Black Panther Woman, Marlene Cummings, looking up in New York
Posted by Jeremy Eccles | 17.06.14
My interest in the history of Aboriginal activism in Australia is unbounded – so the prospect of the two documentaries selected by Blackfella Films for this year's Sydney Film Festival (SFF) was enticing. Both set in the early 70s when the 1967 Referendum had set minds and hearts free, there was much in the cross-over of Black Theatre and politics in (The Redfern Story) and in the pungent flowering of excess when a tiny local branch of the American Black Panthers was formed in Brisbane (Black Panther Woman) to whet the appetite.
But, just as Darlene Johnson's theatrical doco left me feeling a bit short-changed on the drama side of the equation, so Rachel Perkins's very personal history of a bit-part player in Indigenous politics, which longs to make a really significant point about gender relations in Aboriginal society as a whole, ends up falling between several worthy stools. Throughout, you can see both Perkins and her feisty subject – Marlene Cummings – straining to spit out the story of the “insidious epidemic of mysogyny” in the Black community (as Marlene baldly described the violence she'd suffered over the years after the film's premiere at the 2014 SFF), but somehow it always seems to go off half-cock. Perhaps there's just too much delicate, on-going politics to allow absolute honesty to be recorded for posterity; though both Cummings and the Panthers co-founder Sam Watson were pretty straightforward about it when they weren't being recorded.
So, is it possible that a non-Indigenous director could have cut to the chase more directly? At least s/he would surely have attempted some balance by talking to Dennis/Bejam Walker. For this son of the saintly Oodgeroo/Kath Walker (something that wasn't mentioned in the film) was as much as anyone the subject of this film - the gun-toting co-founder of the Black Panthers in Brisbane and the handsome devil who took in the beautiful17-year old run-away from Cunnamulla, Cummings as lover and junior Pantheress. He should have been given a much better opportunity to speak for himself than the quoted statement that “he disputes Marlene's account of their relationship”.
The only specific, deeply moving reference to the violence she experienced is to Brisbane Murri elders taking Cummings off to a 'party' where she's raped – eliciting her heart-breaking response: “I call you uncle – why do you do that to me?”.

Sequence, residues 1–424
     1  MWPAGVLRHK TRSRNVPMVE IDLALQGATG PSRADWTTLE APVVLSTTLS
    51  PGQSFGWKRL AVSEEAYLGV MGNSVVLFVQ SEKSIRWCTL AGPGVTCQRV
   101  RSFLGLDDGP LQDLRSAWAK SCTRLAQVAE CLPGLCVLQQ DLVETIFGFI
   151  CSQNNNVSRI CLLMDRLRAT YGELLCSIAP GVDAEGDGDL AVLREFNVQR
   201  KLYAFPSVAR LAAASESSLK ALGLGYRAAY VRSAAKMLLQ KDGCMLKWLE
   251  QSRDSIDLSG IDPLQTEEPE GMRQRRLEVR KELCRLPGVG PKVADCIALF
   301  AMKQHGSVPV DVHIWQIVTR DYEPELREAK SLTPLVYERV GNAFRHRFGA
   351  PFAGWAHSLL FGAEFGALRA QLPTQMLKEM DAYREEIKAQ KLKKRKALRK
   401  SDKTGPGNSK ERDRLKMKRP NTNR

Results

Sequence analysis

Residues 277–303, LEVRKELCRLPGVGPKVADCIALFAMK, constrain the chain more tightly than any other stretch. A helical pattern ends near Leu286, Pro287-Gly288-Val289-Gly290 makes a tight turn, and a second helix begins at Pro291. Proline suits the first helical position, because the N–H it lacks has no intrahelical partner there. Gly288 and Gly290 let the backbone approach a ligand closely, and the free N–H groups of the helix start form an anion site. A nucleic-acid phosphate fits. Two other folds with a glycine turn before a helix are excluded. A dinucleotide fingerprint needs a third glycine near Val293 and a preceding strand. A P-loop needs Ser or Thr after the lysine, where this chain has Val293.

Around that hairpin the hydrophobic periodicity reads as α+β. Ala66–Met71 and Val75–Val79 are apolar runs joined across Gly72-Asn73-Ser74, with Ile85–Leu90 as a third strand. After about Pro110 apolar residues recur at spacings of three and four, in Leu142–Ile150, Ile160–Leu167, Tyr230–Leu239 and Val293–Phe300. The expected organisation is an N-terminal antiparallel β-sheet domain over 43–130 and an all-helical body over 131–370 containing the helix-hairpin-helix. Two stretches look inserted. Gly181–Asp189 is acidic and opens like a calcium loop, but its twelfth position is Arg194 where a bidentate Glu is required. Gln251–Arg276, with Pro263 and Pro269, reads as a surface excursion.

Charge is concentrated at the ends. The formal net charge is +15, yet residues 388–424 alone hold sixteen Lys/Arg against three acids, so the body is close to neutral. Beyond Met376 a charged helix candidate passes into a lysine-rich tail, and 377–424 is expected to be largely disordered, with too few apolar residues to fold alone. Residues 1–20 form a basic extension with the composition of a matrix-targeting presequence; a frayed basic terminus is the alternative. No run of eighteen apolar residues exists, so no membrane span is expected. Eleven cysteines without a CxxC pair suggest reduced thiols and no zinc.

“I stayed quiet about any black man hurting me (at the time),” Cummings says in the documentary. “It’s not like we wanted to be victims. We knew we were victims. (But) our men were demonised. If you pointed the finger at one black man, they would say it was all black men”.
Which doesn't explain why she's so reticent now – though the shadow of the Intervention in which the NT's tribal men have been tarred with the same imputational brush should surely have been borne in mind. That loss of the natural authority of the Queensland elders as a result of the destruction of their society and their consequent disfunctional behaviour – even as the younger bloods took on white society – should have had more discussion than Sam Watson's admission, “I was party to that”.
Marlene Cummings own life since that 'party' has been pretty grim – on the street with a series of addictions, all conquered now apart from her gambling. So the lift apparent in the film as she attends a world Panthers conference in the US and contributes a well-received speech to mix as an equal with her academic and political peers is a joy to behold. It also had a tenuous link to the violence issue back home – which Marlene once again avoids in New York. For the debate between the Panther approach and Martin Luther-King's belief in “the power of non-violence” is an inevitable one in the US – getting the subtle Panther response, “But the success of non-violence is dependant on the white man having a conscience”.
Much was also made in publicity of Cummings's prowess in singing the Blues. So I could have done with more than one number from her – especially the choice of 'Pension Day Blues', harking back to the gender issue in its inference that the man only comes around on pension day when she has money to back up her sexual appeal. Was this the 'strong woman' image the film kept trying to tell us we were seeing?
SBS co-produced Black Panther Woman, and it's airing on Sunday at 9.20pm.
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